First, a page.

Portable refrigerators take the cake when it comes to temperature control. Dual-zone models can hold a freeze. All it takes is the press of a button or the twist of a knob to set your food to the perfect temperature. Some models even come with the ability to control temperature with your phone. Portable refrigerators need to be powered with solar panels, household AC power, or 12v DC power from your car. None of those methods come cheap. The most energy efficient refrigerators still draw 1.3Ah or more. That doesn’t sound like much, but it will easily consume a solar panel or two which quickly adds to the price tag. One nice thing about most fridge/ freezers is that they can run off 12v and 110v, so if we happen to be in a place with accessible power, we can run the fridge off shore power instead of drawing on the battery. Portable refrigerators come with a host of intricacies. Not only do you have to maintain the fridge, but you have to look after your power source as well.

The downsides of our fridge are that we have to stack our food in the main compartment, which makes it difficult to find things that migrate to the bottom on bumpy trails. Also cleaning can be a major chore. I can’t tell you how many times we’ve had food leak from going over rough terrain and we’ve had to remove everything in the fridge to clean it up. But now that there are better, newer designs on the market that are making off road refrigeration the core of their research and development. Which means time to go shopping! Check out this awesome fridge.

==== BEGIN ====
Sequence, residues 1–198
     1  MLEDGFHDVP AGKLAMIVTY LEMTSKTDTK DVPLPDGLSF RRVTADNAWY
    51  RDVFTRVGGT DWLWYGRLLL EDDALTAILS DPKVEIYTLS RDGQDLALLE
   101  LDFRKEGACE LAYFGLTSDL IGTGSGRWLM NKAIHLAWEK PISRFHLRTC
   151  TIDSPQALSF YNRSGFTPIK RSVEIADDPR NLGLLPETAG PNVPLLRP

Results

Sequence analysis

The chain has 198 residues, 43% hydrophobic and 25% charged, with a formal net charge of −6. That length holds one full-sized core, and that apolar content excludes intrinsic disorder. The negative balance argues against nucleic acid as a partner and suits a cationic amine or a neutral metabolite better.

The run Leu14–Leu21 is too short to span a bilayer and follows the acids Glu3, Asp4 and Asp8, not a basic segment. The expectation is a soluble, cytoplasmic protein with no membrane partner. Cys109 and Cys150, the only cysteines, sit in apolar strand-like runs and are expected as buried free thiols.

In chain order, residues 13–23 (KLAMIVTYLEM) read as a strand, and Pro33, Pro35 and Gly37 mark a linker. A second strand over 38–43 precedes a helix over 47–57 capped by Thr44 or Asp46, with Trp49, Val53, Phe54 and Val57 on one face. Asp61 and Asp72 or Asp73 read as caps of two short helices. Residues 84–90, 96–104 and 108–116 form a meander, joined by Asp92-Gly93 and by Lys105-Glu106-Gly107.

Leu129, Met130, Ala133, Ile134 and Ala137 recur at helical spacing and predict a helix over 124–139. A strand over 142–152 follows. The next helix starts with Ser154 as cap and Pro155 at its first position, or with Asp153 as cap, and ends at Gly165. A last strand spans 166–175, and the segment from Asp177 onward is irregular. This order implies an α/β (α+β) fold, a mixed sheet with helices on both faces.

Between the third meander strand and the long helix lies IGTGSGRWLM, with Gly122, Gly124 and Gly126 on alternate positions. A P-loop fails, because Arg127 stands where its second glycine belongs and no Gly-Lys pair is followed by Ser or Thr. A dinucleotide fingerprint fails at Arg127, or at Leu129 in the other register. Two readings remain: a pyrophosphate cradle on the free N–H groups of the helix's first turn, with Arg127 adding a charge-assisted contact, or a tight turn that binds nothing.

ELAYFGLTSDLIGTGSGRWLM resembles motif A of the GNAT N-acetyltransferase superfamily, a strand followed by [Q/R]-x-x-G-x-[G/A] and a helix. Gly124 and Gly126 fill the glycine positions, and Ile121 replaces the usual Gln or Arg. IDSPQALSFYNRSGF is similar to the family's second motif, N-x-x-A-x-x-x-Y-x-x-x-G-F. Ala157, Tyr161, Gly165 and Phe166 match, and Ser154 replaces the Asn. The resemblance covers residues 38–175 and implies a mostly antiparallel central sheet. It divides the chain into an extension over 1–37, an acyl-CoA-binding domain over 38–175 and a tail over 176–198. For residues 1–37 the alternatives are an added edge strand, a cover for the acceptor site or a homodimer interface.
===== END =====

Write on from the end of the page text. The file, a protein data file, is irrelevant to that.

SetPower RV45S Portable Fridge Freezer

No messy ice cubes anymore, just enjoy your road trip with the same comfortable feeling all the way at home! Always keep the passion for exploring nature with Setpower portable refrigerator.

With two wire baskets, you can organize and take out all your food more easily. The 12v refrigerator handles are sturdy and resilient for super load-bearing and space-saving.

The latch can highly improve the insulation of the portable refrigerator. LED light of the 12 volt refrigerator can help to organize and get food even in the dark.

The SetPower brand name was created in 2008 and was first used as a brand for providing our customers with high-quality but affordable portable refrigerators. It is a combination of the words, "Set" and "Power", has a meaning of bringing the power of the journey our company creates to the world.

"Having a well-sorted camp kitchen makes all the difference in the world. And for about the same price as a premium ice cooler, this SetPower refrigerator is truly a game changer! No more ice = no more soggy anything, and no more water getting into food that isn't closed all the way, or bags that have little holes in them."